Hough: I second that completely. I am the demographic of Nicholas Sparks’ books. I loved “The Notebook” but again this was our version of what this story is. There is pressure to have these big movie moments, and at some point it was like, “Should this be more dramatic?” and it wasn’t and it didn’t need to be. The audience is intelligent enough to know what real love is without having us having to overdo it.
Q: Josh, could you imagine yourself living in a small town where everybody knows everybody and where your basically part of the community or are you more of a big city guy?
Duhamel: I grew up in a state full of little towns like that. Where I’m from is a little bit bigger but North Dakota is sort of similar minus the beach and all the beauty. It does have it’s own beauty for about two months out of the year and then it gets really cold. It’s sort of in my blood I guess. I grew up in a place like this so I would be more akin to live in a place like this than a big city. I love New York but that’s too much for me. That town just swallowed me up. I lived there for three years. I’d probably prefer a smaller town like Los Angeles.
Q: Both of you worked with two very naturalistic child actors in this. What was that experience like for you?
Duhamel: For me, a movie without kids on the set is like Christmas without kids. They just make it a little bit more fun. There’s no pretension. They’re just there to have fun. These two (Mimi Kirkland and Noah Lomax) are really sweet kids by nature. They didn’t have a lot of experience in the (movie) business. We worked with them and met with them before. I spent some time on the beach with Mimi. Noah was in Atlanta, so we didn’t get to hang out as much. For me, the relationship with them was as important as the relationship with Julianne in the movie. My character has already been through what he thought was his first love and lost that. Now anyone who comes after will depend on how the kids react to her. Any decision I make going forward has to be OK with them too. So that relationship was really specific and luckily they were really, really fun kids to work with.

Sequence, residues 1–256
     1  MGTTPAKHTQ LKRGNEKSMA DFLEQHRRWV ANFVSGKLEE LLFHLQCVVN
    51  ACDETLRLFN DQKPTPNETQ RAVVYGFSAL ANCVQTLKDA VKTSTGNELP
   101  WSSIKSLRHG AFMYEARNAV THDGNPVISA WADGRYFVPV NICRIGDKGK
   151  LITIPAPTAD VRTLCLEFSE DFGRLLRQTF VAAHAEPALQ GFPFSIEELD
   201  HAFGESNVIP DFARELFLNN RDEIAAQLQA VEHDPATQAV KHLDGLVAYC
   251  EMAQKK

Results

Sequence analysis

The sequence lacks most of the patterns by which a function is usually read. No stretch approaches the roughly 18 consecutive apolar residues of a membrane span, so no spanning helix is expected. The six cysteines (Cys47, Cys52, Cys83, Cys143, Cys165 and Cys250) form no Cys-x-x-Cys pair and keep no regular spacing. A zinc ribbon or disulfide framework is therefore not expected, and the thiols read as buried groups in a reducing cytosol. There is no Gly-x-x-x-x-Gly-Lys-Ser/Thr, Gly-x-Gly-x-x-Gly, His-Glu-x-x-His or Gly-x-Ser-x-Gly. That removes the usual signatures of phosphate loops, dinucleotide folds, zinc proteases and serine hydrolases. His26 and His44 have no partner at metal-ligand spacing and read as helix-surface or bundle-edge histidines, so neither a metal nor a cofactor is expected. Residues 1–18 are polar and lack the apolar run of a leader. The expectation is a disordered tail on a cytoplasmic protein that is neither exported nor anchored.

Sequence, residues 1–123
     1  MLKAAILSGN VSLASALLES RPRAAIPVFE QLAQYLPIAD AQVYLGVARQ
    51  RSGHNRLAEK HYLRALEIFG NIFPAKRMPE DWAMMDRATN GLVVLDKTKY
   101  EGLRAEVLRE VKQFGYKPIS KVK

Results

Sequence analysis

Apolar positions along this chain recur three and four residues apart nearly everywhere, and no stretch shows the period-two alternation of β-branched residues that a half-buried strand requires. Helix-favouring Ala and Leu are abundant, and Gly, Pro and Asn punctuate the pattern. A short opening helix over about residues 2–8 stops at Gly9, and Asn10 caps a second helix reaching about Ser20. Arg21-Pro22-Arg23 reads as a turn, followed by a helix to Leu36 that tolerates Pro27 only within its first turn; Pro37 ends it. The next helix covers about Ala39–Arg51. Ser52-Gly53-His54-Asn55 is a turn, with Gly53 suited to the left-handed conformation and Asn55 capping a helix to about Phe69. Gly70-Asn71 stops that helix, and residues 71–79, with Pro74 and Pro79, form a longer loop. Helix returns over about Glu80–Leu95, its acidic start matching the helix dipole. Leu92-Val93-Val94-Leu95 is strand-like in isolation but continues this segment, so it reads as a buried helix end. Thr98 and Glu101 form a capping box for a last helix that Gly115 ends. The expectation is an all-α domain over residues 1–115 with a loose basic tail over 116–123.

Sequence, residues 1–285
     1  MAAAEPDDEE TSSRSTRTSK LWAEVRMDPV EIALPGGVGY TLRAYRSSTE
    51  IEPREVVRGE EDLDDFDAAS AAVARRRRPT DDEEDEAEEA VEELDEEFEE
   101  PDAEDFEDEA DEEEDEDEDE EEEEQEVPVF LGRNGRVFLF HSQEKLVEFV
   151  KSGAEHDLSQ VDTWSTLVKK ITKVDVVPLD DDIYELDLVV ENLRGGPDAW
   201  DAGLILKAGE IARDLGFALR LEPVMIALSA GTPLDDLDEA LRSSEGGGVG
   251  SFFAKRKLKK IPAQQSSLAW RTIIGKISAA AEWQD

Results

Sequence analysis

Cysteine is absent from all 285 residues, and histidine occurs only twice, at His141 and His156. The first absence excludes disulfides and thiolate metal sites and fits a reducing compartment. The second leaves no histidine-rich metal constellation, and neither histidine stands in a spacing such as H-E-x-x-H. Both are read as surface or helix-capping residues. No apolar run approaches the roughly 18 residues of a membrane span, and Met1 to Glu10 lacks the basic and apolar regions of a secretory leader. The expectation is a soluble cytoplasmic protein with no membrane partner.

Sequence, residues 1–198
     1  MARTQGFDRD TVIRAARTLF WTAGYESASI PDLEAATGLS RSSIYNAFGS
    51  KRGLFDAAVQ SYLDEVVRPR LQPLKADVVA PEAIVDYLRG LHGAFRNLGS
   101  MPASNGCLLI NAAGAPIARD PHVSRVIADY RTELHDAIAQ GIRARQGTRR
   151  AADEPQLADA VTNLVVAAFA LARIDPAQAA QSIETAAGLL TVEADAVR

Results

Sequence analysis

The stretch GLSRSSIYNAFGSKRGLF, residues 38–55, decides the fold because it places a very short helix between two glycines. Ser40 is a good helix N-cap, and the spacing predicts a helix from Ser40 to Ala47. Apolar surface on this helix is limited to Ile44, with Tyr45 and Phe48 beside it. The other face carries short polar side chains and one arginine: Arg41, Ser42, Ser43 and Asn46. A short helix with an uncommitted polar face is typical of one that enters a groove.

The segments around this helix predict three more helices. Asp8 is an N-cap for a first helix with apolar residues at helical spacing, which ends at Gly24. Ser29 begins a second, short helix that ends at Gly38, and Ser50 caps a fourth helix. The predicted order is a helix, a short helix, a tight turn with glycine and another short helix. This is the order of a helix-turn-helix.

Q: How long did you get to know them?
Duhamel: They started working two weeks before I started which at first I was like, “Really? What am I going to do for two weeks?” But it was great because I really got to soak in the local environment, and live in Southport. I got to really think about what I want to do in this movie. I wrote a lot and spent a lot of time with the kids, and by the time we started shooting I felt like I was this dude. I wish that I always had the luxury of getting there that early and just sort of become part of the local environment.